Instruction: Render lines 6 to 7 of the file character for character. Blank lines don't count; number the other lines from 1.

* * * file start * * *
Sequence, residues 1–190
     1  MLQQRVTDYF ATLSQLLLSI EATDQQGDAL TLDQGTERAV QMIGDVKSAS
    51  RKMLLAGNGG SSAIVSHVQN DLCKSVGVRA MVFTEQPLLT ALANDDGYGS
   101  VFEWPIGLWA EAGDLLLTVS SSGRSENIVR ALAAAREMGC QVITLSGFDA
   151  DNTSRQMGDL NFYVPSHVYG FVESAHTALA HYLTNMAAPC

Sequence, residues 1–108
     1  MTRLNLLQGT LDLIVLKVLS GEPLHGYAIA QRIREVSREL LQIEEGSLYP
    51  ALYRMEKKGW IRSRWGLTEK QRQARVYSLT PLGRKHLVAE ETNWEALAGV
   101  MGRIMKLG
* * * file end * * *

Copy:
Sequence, residues 1–108
     1  MTRLNLLQGT LDLIVLKVLS GEPLHGYAIA QRIREVSREL LQIEEGSLYP